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The Best Airport Scenes in Film


Whether you're battling terrorists or chasing a loved one you don't want to leave, you don't go to the airport unless you've got something big to do. We may take such travel for granted, but even a cheeky weekend in Berlin involves you climbing into a giant metal tube that will fling you through the stratopshere. It's not surprising, then, that with so much real-life drama in airports, the movies take a fair few trips to them for their own ends. Romance, action, souvenir shops - all human life is there, so here, for your delectation, are the finest airport scenes in film history...

(Images: Allstar)


We had to start with this - the all-time comedy classic that savagely spoofed the increasingly po-faced airport movie genre, and about a thousand other things for good measure. This is an early highlight, with an argument between tannoy announcers growing increasingly absurd. Fun fact: these voices were the real announcers at LAX, and were married in real life.


Up in the Air

Airport security is the single most annoying thing in the western world - thanks, war on terror. Here we have some gleefully un-PC lessons on gliding through from George Clooney's seasoned traveller.


Casino Royale

In the collective memory, it may get lost in between parkour chases and mid-poker game punchups, but Casino Royale's airport chase would be the highlight of many a lesser film.



A slightly more relaxed trip through the airport than Bond's in Casino Royale, this may just be the coolest Johnny Depp has ever looked. Which is a huge claim, but come on - watch this, and tell us you don't want to be this man. Minus the drug dealing, of course.



Ok, this this the very last scene of the film, so don't watch the clip if you're still avoiding spoilers for a film that's more than three years old. Even so, this scene truly deserves to be here - a wordless sequence that comes at the end of a truly epic adventure, where counter-intuitively the heroes merely wake up on a plane. Their trip out of the airport wraps a sprawling cast up nicely, and leads to one of the great debates of modern cinema. But this scene could come at the end of an anti-smoking PSA and still be one of the most amazing things we've ever seen, purely because of Han Zimmer's music. Stumbling off a Ryanair flight just doesn't feel the same without it.


Rain Man

Statistically, the cliché goes, air travel is the safest mode of transport there is. Try explaining that to Dustin Hoffman's autistic savant Raymond, who has one of cinema's strangest freakouts at the very idea of flying in a plane. There's a subtext to this scene that he could perhaps just have not have wanted to get on a plane with Tom Cruise, but that's a conversation for another day.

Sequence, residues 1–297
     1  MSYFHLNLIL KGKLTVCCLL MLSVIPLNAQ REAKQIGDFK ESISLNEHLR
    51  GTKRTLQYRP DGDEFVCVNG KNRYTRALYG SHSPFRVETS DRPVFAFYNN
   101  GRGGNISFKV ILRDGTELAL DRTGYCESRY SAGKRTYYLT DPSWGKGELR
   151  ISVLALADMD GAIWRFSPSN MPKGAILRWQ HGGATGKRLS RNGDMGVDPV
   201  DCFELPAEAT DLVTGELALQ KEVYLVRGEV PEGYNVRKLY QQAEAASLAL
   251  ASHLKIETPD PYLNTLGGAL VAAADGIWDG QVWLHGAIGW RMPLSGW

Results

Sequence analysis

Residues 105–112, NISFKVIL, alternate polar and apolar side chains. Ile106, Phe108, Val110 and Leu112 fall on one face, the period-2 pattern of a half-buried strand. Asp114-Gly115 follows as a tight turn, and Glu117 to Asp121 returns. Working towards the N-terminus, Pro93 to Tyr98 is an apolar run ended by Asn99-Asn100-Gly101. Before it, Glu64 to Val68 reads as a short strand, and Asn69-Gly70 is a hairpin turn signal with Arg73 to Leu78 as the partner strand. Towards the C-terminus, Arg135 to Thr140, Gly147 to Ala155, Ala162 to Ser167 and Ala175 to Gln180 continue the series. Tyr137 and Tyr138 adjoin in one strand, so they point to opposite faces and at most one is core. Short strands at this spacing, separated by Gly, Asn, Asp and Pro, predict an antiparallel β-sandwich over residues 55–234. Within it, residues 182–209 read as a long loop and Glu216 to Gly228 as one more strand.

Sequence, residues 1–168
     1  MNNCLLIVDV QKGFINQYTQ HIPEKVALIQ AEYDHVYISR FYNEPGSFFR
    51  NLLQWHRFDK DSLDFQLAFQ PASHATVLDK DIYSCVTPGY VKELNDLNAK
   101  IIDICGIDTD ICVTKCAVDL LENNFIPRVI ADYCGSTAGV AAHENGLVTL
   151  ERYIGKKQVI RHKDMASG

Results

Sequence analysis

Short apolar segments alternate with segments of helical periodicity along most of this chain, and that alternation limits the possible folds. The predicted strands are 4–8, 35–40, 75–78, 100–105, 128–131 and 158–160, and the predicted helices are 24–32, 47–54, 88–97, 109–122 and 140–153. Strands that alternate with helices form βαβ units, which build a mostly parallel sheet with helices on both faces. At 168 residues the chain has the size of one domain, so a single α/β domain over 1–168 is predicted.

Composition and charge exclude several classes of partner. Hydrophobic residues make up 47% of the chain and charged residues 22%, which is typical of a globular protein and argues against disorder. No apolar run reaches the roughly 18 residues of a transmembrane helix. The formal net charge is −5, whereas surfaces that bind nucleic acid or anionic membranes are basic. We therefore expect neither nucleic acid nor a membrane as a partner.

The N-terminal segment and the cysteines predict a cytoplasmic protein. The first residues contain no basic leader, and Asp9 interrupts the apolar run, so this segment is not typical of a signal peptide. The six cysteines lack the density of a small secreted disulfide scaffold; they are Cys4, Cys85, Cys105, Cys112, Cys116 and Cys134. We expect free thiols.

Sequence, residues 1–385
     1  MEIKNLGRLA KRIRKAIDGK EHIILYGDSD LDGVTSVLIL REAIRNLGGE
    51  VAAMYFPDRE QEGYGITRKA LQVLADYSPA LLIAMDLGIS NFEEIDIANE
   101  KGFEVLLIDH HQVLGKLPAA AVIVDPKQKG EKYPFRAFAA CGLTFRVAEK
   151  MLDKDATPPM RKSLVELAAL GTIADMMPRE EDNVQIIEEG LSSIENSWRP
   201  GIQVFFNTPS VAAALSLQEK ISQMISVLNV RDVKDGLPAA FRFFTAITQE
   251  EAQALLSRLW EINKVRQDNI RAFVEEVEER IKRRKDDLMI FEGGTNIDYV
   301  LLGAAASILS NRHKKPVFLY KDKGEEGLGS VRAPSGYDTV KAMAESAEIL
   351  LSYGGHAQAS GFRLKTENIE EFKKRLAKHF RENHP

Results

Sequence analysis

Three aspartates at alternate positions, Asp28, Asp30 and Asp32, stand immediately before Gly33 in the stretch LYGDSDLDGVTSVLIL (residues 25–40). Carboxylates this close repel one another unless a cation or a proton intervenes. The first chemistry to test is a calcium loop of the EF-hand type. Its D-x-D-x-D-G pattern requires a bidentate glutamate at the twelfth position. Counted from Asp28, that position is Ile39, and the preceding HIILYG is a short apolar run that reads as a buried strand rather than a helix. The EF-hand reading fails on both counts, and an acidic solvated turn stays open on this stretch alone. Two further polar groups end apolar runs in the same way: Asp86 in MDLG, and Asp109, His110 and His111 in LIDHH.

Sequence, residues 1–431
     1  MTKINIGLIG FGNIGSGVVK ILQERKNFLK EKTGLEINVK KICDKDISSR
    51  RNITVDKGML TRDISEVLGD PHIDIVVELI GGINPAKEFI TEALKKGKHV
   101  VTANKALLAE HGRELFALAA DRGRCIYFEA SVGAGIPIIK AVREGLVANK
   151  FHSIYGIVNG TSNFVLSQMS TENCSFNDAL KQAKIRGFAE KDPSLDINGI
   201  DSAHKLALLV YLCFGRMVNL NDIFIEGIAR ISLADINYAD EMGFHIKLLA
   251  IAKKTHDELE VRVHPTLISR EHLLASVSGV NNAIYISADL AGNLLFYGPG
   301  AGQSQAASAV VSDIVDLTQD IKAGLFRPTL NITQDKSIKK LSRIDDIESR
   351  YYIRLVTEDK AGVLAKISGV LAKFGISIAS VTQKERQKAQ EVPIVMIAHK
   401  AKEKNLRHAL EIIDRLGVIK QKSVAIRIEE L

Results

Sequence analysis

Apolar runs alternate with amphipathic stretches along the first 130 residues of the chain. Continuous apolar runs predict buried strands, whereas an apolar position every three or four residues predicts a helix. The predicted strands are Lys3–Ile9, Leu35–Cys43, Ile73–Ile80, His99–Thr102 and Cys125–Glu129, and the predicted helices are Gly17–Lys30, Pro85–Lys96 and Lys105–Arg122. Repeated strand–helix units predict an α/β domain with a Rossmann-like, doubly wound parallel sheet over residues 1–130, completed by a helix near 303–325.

Die Hard 2: Die Harder

Back in the early nineties, when air terrorism wasn't the most horrifying thing imaginable but a fit subject for popcorn entertainment, we were treated to this breathtakingly ruthless scene. Some right-wing nutjobs have hijacked a whole airport, and to demonstrate their resolve they deliberately crash a plane. This is simply no way imaginable this scene would have even been conceived today, let alone shot - whether that's due to good taste or cowardly filmmakers, we'll leave up to you.


Pushing Tin

Time hasn't been kind to this tale of feuding air traffic controllers - but this climactic scene is so odd, it has to be seen to be believed. Delici0usly dodgy late-nineties CGI, too.



It's not every scene that can pretty be much recited verbatim even by people who haven't seen it. This scene is so impacted into our culture, be it through parody or knock-off, we forget the devastating knock-out blow of Humphrey Bogart's redemptive sacrifice - and all in some of the most golden dialogue ever, perfectly performed. If you haven't seen Casablanca since some rainy bank holiday in 1992, now is the time to revisit it.


La Jetee/12 Monkeys

It's self-defeating to split these two, given their deep spiritual links, so here they are together. Terry Gilliam's 1995 flick starring Bruce Willis was inspired by the 1962 short La Jetee, both spinning off on their own tangents from the concept of a man in a post-apocalyptic world haunted by dreams - or are they memories? - of a traumatic incident he witnessed in an airport as a boy. How we get to the points in these clips is pretty complicated - time travel does tend to take things in that direction - but it's fair to say that witnessing your own death slightly outclasses failing to get an upgrade to business class, stress-wise.



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